An Interview With Celebrity/Fashion Manicurist Deborah Lippmann

March 31, 2007 • Magazine

An Interview With Celebrity/Fashion Manicurist Deborah Lippmann

An Interview With Celebrity/Fashion Manicurist Deborah Lippmann

Sat, 2007-03-31 12:00

Lauren Dimet

I have to admit…in anticipation of this interview, I got an emergency manicure yesterday. I would have been horrified had my nails looked as they did a mere 24 hours ago to interview Deborah Lippmann. Turns out I’m not alone. Apparently, a good manicure can change your whole demeanor. Everyone needs a fresh coat of paint once in awhile.

I sat down with Deborah Lippmann to discuss spring trends and to dispell a few common nail myths. First, I have to say she is pretty awesome. I had a great chatting with her and looking at all her pretty new colors, even though I am sadly a ‘light pink’ addict. It was fun to be a girlie girl for an hour. She was in town for an appearance at Nordstrom in Oakbrook.

SCS: So how did you become a ‘celebrity manicurist?’ How does one set out to make that happen?
DL: Actually, I am a professional jazz singer and being a manicurist was my waitressing job. I could sit all day and then stand and perform at the clubs in the evening. That’s why I was in NYC. When I told my mother I was going to beauty school, she said “over my dead body.” We laugh about it now. My second CD “Vinyl” (a compilation of cover songs from the past several decades), is releasing to coincide with the launch of the new nail color collection (by the same name) available exclusively at Bath & Body Works. All 10 colors and 3 seasonal colors are named after the songs on the CD. In fact, my entire collection is named after songs.

SCS: And the celebrity part?
DL: I started doing nails for fashion shoots, so initially it was really the model’s nails I was manicuring. I consider myself a fashion manicurist. As magazines have turned more to Hollywood for cover girls, I started to get a more ‘celeb’ clientèle. The word really spread from the New York fashion community. Now many celebrities request me. I became successful because I work hard, know how to compliment the product or clothing being shot, I sense when someone is stressed-out or having a bad day and can help them relax. Most importantly, I know I am a service person first, so I have no attitude, work fast and know to stay out of the way of hair and makeup on a shoot.

SCS: Wow. That is a great story. When and why did you start your own line of nail products?
DL: In 1999. It was me, my husband and my brother working out of our office (living room) for four years. I saw a need and created a category in the luxury nail market…nail fashion.

SCS: Who belonged to the celebrity nails that made you nervous with awe?
DL: I did Oprah’s nails for the cover shoot for her first issue of ‘O’ Magazine. They were still trying to finalize the logo! Also Cher. She is actually a big supporter of my music career. As are Beyonce and Mariah Carey.

SCS: So let’s talk nail trends. What colors are in for spring?
DL: The same color as your skin – a beigy opaque. It should look like an extension of skin. It’s a very modern look. One I have been doing for a few seasons now, but it is hot in London and is now becoming so in NYC. I also think white will make a resurgence later in the summer.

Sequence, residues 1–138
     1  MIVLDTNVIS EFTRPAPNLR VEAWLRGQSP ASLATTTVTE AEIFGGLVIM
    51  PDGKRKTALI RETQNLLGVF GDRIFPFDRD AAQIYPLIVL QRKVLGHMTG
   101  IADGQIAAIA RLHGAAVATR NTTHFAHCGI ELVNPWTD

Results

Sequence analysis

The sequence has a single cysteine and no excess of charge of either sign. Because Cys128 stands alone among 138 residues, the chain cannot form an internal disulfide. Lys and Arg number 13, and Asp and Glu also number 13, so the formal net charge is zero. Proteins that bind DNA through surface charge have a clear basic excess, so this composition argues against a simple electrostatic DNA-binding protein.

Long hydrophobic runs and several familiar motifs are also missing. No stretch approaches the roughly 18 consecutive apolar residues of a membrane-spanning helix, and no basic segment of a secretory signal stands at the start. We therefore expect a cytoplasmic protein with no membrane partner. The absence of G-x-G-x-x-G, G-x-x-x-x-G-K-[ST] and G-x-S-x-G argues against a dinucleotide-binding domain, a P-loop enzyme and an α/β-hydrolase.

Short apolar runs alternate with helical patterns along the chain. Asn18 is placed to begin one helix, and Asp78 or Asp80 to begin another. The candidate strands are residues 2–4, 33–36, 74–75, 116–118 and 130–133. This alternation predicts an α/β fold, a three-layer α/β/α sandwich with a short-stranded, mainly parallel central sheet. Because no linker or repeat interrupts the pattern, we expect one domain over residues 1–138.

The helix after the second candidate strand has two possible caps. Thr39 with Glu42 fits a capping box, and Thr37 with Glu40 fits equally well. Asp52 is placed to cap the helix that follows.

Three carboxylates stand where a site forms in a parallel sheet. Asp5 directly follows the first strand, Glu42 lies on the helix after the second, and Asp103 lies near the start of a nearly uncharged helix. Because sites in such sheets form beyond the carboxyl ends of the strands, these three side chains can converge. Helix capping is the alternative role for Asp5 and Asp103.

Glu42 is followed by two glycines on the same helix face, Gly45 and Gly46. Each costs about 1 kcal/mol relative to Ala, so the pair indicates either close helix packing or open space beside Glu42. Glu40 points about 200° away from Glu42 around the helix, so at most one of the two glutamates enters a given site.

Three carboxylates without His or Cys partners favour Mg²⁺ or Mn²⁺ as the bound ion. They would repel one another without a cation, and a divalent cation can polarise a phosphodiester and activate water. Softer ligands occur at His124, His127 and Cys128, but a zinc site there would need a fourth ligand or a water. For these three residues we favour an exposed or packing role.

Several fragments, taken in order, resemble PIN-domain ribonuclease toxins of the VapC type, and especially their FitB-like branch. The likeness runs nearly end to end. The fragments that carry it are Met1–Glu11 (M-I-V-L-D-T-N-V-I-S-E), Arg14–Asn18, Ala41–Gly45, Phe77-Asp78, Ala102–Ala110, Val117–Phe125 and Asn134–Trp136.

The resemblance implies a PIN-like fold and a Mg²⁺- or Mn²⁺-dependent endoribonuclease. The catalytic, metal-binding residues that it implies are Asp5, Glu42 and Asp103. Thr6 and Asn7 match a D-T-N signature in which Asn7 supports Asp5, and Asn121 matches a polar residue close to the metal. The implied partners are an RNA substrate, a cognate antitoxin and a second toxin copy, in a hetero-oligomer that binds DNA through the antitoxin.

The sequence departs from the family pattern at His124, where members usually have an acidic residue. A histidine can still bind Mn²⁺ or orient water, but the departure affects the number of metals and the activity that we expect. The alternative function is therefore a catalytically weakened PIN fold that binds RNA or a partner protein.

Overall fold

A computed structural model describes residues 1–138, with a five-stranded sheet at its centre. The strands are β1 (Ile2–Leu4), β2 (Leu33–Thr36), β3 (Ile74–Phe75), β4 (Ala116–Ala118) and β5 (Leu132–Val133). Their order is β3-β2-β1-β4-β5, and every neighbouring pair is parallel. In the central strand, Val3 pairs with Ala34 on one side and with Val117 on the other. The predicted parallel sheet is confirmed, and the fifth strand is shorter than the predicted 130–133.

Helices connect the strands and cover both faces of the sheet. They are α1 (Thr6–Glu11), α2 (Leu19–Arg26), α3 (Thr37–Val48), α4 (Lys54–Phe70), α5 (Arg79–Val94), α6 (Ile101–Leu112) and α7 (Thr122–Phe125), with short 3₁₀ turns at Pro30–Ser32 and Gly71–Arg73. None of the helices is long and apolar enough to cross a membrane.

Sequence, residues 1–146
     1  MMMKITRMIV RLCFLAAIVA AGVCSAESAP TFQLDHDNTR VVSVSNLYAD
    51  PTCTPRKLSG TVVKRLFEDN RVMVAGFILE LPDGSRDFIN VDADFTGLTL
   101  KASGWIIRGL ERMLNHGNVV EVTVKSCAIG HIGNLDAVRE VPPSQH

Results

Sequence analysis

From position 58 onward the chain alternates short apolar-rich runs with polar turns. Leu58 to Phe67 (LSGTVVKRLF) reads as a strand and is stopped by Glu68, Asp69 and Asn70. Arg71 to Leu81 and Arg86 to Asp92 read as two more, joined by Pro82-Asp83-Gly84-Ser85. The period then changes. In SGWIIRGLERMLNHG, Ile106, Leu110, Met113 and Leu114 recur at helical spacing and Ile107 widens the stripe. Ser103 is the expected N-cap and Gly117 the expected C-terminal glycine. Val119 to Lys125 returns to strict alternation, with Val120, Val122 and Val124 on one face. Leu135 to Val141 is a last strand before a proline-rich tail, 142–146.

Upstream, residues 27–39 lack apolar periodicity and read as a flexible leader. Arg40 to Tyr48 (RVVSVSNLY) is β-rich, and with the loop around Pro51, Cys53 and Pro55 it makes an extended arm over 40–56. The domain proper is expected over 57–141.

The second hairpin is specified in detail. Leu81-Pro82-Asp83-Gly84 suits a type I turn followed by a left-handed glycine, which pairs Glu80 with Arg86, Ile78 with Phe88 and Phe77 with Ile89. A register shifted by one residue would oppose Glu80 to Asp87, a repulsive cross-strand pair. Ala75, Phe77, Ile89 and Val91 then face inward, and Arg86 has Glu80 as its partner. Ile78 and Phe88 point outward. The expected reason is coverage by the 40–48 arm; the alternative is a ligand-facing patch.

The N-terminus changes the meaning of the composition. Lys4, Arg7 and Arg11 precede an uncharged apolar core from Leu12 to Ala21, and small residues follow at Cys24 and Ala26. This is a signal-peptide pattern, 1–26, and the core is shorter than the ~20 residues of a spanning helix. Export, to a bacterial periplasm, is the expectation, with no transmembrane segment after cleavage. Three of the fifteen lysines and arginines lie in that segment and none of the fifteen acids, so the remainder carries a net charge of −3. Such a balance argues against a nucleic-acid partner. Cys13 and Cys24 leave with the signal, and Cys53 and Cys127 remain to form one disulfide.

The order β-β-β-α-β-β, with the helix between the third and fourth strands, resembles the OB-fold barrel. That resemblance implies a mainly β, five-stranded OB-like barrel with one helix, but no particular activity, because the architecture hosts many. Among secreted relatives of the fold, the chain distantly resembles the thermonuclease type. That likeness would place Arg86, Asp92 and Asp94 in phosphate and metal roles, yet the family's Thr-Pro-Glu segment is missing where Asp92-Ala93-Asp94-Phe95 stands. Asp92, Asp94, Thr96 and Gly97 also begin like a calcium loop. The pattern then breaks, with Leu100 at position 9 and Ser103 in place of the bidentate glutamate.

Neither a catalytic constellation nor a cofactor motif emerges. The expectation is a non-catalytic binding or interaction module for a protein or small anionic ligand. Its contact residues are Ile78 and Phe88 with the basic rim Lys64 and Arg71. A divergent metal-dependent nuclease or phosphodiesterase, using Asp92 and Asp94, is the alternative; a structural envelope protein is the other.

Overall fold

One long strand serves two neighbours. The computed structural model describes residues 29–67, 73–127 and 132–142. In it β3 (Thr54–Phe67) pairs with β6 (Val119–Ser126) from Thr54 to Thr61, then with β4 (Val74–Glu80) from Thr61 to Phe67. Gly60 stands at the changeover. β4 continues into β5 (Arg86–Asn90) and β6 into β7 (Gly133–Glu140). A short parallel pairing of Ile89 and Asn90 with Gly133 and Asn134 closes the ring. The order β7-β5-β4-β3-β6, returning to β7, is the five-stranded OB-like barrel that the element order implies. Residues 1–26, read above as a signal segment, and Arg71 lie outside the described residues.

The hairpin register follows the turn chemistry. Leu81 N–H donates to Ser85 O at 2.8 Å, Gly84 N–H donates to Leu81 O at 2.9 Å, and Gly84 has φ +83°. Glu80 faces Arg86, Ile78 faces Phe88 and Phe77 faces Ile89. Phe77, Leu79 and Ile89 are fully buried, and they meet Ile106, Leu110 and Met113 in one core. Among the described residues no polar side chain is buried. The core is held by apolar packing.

SCS: How do you pick the right beige without it looking too 80’s?
DL: You need to go into the store and try them on until you find the right color for your skin tone. If the cuticle area looks red, it’s not the right shade for you. One of the two beigy colors colors in my Spring Collection should work well for most, ‘Fashion’ and ‘You Can Leave Your Hat On.’

SCS: What about silver?
DL: I think women are realizing it looked great in the magazines but didn’t translate into an everyday color.

SCS: Are French manicures still considered stylish?
DL: No! They are out! You can quote me on that. The strong white tip and the French pedi are so out.

SCS: What shape and length are in right now?
DL: You want your nail to be wide at the nail bed and then oval at the tip. Not too rounded and not too square. Like yours (pointing to my hands). Let the nail extend out about 1/4 or 1/8 past the nail bed and then shape it. It is a myth that square nails break less often. As long as you shape them in the right place, you can make them pointy if you wish. Also too long nails and gloppy acrylics (the kind that are thick at the tip) are out.

SCS: What about hands and feet matching? Good or bad?
DL: The matchy-matchy look is coming back. However, for spring look for it to be a super nude nail for both hands and feet.

A. Deborah Lippmann’s new CD Cover – VINYL
B. Lippmann Collection Spring ’07 (L to R) Fashion, Baby Love, You Can Leave Your Hat On, How Far Is Heaven
C. Sample of Lippmann’s Celebrity/Fashion work
D. Remember – No French Manicures!
E. Lippmann’s New Line “Vinyl” Exclusive to Bath & Body Works, available April 3

Lippmann Collection available at:
C.O. Bigelow
Bath & Body Works (and after April 3

See the Top Ten Summer 2016 Trends for Women Over 40

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